Between muddy shoes and regular wear and tear, carpets take a beating from everyone in the household. What’s even worse is when you decide to add a fresh coat of paint to the walls and end up with a large paint stain that you don’t know how to remove. If this has happened to you, learning how to get water based paint out of carpet is something you’re scouring the internet for.
If you want to remove water based paint from carpet you could call a carpet cleaning service, but some simple home remedies make taking care of the problem a breeze.
Trying to remove dried water based paint from carpet is a tough challenge. Even if you get most of the dry paint off the affected area, there is still a risk that the paint leaves behind a big, ugly stain.
Homeowners often find themselves in challenging situations, and it only takes a little creativity to lift stains from carpet fibers and make the fabric look as good as before.
Types of Paint
If you’re going to be successful in removing carpet stains from paint, you first need to understand the three different types of paint and their key characteristics.
All three kinds are common for household projects, design, and arts and crafts. The different ingredients drastically alter their drying times and change the strategy you might take to eliminate them.
Acrylic paint has coloring and pigment added to an acrylic polymer. This type of paint is water-soluble but dries the fastest of the three. Once it dries, acrylic becomes more water-resistant. Spray paint is the most common type of acrylic paint.
Oil paint is usually made from a natural oil like linseed oil or a synthetic oil like alkyd oil. These paints are generally more durable but tend to take much longer to dry.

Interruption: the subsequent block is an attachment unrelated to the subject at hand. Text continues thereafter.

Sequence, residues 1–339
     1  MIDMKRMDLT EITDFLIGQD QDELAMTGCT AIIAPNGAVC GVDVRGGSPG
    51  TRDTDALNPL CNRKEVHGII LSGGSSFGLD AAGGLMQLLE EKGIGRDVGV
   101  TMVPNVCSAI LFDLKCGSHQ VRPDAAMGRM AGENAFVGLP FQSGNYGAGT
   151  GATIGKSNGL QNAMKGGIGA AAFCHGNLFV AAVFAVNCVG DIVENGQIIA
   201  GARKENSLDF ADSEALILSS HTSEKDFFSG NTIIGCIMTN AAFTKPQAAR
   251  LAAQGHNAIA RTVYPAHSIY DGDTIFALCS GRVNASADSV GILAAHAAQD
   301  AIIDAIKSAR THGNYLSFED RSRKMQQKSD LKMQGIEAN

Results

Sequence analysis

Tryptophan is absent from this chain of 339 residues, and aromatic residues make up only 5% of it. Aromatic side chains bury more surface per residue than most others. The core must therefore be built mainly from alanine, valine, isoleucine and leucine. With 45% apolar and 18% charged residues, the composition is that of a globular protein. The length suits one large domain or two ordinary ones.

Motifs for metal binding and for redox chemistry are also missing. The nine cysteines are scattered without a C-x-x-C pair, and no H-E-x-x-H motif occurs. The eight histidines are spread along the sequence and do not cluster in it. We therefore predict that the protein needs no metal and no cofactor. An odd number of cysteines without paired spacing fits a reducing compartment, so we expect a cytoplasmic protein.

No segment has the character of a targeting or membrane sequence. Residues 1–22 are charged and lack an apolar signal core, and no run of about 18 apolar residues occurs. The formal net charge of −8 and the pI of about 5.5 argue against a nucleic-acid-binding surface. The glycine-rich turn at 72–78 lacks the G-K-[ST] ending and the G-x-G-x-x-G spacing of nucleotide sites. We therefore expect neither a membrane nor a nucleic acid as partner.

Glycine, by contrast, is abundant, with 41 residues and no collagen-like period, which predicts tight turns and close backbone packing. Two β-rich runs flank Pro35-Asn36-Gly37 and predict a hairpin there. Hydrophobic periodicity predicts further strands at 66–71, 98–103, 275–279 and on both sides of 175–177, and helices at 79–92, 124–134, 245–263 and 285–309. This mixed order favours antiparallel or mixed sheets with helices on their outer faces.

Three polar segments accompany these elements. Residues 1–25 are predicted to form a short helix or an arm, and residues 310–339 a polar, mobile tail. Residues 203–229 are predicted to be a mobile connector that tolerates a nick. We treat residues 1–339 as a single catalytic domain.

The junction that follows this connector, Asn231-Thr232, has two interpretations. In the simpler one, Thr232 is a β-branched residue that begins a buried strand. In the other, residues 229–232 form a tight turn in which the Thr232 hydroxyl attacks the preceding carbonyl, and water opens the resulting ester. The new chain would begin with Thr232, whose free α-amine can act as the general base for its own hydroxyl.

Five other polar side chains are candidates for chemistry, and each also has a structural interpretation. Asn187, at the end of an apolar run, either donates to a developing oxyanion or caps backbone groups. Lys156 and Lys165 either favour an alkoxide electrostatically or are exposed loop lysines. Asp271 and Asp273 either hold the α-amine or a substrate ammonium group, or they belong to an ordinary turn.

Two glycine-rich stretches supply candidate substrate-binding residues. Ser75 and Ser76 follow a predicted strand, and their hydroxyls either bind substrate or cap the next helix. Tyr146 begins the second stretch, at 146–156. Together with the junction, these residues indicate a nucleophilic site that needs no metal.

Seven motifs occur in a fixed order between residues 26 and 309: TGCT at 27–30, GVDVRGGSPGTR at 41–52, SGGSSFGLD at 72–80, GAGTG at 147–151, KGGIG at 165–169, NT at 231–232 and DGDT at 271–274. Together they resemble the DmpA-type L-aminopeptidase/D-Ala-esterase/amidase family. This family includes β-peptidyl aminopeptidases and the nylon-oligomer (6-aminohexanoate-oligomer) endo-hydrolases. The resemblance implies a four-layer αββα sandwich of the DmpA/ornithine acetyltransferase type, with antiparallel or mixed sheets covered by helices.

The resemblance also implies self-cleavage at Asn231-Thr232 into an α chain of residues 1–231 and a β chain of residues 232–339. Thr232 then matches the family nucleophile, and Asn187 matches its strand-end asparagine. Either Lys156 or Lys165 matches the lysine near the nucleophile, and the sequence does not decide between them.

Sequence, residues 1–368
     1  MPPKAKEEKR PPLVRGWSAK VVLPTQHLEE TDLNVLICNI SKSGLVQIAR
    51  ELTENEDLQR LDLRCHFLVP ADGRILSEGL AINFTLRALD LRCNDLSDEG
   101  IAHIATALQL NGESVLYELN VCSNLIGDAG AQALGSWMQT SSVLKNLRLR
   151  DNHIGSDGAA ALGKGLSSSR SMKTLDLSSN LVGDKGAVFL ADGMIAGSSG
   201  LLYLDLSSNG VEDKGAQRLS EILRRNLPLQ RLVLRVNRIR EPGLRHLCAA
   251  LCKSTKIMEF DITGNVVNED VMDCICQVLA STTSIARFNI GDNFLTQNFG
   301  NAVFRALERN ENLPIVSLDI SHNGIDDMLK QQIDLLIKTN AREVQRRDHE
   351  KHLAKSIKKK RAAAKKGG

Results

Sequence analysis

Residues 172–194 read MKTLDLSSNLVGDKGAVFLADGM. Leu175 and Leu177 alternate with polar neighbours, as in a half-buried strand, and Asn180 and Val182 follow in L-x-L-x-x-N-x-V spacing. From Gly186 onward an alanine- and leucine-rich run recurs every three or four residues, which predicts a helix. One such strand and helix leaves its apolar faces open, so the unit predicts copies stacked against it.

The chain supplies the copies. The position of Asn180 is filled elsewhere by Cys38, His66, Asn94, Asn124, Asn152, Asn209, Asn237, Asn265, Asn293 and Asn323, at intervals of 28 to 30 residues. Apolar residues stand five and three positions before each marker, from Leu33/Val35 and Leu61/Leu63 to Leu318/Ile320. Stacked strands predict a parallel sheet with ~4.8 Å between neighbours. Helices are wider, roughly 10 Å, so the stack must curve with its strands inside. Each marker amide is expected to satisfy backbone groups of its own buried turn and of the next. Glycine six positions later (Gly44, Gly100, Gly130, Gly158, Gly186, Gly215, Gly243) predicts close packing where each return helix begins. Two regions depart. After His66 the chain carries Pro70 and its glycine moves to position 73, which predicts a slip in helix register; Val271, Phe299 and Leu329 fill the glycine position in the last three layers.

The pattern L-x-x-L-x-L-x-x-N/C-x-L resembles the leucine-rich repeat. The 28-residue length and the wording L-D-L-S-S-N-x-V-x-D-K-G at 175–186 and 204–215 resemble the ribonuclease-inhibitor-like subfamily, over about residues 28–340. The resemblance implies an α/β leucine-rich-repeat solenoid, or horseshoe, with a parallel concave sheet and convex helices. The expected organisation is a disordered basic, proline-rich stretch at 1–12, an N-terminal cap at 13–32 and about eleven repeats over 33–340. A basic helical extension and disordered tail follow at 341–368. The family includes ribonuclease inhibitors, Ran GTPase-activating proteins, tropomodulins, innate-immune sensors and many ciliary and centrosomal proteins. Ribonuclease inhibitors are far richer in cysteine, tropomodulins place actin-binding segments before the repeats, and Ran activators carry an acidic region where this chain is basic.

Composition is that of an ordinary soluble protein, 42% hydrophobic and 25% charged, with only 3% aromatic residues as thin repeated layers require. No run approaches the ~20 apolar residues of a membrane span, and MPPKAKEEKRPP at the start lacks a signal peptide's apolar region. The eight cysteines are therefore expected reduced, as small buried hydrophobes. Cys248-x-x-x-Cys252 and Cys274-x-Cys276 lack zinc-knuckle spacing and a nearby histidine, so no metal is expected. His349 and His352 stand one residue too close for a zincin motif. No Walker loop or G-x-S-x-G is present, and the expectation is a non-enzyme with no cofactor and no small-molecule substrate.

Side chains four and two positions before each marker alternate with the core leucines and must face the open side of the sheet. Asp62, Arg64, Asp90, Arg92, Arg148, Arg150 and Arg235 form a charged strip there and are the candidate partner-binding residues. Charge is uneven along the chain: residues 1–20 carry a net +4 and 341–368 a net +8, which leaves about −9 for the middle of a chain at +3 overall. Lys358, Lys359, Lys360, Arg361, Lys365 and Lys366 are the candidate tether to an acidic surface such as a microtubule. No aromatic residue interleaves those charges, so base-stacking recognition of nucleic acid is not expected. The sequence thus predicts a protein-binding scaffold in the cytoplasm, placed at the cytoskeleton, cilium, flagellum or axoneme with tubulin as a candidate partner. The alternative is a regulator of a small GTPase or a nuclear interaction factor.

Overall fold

Latex paint comes from an acrylic resin similar to acrylic paints, but it is more water-based. This paint type is what most people use to paint their homes and is the most common type of paint stain to find on your carpet.
How to Get Water Based Paint out of Carpet
When learning to remove water based paint from carpet, keeping the rug intact is extremely important. If you scrub too hard and damage the carpet fibers, you might be left with damage that you can’t undo.
Whenever using a rag or paper towel to remove dried water based paint from carpet, make sure that you use the blotting method instead of scrubbing. This approach is much gentler and lifts the color instead of pushing it down further.
How to Remove Water Based Paint from Carpet
Wet paint is far easier than removing dried latex paint from carpet. If possible, start lifting the excess paint as soon as possible. Use an old, clean rag or paper towel and dampen it in lukewarm water.
Dab at the affected area of carpeting to begin lifting the stain. As tempting as it may be, resist the urge to scrub, or you’ll saturate the area.
Lifting Paint with Dish Soap
If the paint still hasn’t dried entirely but is slightly damp, your next best option is dish soap, which has grease-fighting abilities and works as a carpet cleaner when you don’t have any sprays on hand.